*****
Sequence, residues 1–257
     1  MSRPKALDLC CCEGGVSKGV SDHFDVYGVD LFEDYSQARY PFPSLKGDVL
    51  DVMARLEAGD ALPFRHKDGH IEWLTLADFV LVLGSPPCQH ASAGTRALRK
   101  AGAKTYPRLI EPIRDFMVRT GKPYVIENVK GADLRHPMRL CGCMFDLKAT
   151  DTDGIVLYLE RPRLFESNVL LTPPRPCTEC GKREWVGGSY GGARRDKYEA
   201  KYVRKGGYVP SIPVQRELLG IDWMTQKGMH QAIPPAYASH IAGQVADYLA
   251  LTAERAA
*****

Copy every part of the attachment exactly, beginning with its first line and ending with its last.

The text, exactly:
Sequence, residues 1–257
     1  MSRPKALDLC CCEGGVSKGV SDHFDVYGVD LFEDYSQARY PFPSLKGDVL
    51  DVMARLEAGD ALPFRHKDGH IEWLTLADFV LVLGSPPCQH ASAGTRALRK
   101  AGAKTYPRLI EPIRDFMVRT GKPYVIENVK GADLRHPMRL CGCMFDLKAT
   151  DTDGIVLYLE RPRLFESNVL LTPPRPCTEC GKREWVGGSY GGARRDKYEA
   201  KYVRKGGYVP SIPVQRELLG IDWMTQKGMH QAIPPAYASH IAGQVADYLA
   251  LTAERAA